Not Drowning

by Bill Yarrow

The young boy writhes in the screaming water,
terrified by what's not there: the bottom sand.
He winds himself around your neck and climbs
up your head. You don't so much save him
as not drown yourself. You were a buoy. You
kept afloat until the tide pushed you into shore.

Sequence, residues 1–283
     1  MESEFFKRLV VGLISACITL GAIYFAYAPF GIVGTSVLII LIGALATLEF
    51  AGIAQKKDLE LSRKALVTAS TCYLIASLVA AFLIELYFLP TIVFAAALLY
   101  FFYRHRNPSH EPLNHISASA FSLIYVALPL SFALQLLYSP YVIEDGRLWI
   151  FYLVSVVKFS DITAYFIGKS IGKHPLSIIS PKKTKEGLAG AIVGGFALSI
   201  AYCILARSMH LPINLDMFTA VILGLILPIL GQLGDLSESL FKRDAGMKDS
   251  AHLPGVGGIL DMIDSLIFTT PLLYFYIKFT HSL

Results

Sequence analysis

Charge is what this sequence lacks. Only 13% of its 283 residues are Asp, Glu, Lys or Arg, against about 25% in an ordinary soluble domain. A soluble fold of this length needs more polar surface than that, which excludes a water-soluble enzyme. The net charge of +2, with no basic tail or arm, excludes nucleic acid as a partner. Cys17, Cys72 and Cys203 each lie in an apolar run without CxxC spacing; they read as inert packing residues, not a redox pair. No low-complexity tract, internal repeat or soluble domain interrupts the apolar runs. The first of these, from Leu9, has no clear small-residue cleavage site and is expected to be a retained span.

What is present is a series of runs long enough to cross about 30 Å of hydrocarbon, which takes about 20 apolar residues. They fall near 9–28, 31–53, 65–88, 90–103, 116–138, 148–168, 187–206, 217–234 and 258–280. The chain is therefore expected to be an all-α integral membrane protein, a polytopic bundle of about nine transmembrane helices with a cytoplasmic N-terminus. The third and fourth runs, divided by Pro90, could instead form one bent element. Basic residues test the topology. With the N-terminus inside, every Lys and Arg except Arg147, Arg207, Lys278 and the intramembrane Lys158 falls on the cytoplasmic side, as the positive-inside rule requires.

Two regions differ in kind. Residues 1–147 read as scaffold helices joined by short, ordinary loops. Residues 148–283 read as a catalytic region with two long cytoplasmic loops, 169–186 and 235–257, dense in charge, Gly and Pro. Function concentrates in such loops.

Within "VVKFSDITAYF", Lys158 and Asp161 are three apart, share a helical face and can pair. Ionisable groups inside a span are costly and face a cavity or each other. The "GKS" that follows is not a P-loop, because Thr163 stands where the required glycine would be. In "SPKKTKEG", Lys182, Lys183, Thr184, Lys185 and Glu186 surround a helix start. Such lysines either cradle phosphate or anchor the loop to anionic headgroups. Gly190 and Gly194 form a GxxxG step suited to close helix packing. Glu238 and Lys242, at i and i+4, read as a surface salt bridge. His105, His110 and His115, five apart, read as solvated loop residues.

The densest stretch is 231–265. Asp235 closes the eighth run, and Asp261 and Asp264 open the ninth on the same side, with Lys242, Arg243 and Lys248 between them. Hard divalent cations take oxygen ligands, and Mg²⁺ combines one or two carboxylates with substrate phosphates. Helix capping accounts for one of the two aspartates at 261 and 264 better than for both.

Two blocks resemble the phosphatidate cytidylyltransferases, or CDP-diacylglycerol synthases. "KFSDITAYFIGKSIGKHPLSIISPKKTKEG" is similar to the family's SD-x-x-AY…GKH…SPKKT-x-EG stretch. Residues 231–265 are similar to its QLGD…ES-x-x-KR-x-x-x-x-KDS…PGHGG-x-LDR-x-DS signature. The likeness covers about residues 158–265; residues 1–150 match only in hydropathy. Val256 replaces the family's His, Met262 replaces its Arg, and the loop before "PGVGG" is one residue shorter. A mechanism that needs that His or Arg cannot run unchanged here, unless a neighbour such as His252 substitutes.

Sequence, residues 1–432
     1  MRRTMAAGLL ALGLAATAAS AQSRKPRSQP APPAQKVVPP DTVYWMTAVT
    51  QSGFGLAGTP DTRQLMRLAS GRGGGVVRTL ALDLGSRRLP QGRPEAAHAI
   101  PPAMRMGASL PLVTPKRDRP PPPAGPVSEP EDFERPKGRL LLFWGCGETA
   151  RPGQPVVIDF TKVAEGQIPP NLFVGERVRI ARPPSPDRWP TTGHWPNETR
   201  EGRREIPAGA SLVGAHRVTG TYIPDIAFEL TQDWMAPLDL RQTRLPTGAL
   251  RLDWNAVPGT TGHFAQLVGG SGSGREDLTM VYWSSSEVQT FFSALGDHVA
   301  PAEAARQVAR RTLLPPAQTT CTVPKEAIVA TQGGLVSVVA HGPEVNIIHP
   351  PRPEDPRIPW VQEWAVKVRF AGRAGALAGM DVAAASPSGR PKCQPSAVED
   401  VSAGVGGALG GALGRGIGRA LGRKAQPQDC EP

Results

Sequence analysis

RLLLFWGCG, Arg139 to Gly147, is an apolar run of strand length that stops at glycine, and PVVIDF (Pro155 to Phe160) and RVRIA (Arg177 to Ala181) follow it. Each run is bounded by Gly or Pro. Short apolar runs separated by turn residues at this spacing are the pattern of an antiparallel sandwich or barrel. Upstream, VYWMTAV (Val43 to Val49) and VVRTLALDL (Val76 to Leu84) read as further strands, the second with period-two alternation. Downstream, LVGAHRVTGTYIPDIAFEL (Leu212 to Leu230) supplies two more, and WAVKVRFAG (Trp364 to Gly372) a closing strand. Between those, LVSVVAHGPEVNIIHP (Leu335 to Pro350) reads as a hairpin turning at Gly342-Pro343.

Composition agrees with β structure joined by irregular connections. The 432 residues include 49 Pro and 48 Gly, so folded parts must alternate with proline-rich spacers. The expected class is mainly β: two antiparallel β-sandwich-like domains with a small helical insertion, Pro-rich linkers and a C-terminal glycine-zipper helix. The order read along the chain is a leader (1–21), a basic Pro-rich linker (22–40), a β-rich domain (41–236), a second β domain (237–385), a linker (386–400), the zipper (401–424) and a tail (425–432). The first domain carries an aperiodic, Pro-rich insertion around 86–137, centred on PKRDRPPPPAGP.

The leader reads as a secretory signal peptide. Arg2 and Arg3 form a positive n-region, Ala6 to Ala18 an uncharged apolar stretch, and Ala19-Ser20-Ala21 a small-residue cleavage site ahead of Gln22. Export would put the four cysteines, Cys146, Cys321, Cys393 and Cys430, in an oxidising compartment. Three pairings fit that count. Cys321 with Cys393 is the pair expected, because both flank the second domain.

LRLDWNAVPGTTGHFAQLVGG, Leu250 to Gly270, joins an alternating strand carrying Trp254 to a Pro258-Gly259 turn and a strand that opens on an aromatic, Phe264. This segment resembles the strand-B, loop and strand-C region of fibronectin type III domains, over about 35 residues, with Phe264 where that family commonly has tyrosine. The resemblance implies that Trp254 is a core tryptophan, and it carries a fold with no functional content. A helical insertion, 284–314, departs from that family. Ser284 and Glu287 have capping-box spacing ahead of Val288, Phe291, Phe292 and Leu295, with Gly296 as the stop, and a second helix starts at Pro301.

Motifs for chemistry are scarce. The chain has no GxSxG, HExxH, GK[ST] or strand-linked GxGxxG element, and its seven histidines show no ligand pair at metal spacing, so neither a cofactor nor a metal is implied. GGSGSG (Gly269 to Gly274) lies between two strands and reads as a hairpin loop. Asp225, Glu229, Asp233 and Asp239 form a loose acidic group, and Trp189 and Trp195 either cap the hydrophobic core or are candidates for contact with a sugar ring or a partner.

As you emerge from the water, he's still hanging
on to you, saying, “You saved my life! I owe you.”
You tell him that he doesn't owe you anything.
I didn't do anything, you say. It was the tide.
“The tide pushed us in.” He's not listening.
He doesn't care. He's got a hero and he's not
letting go. He follows you around for weeks.

At nine years old, you learn how cloying gratitude is.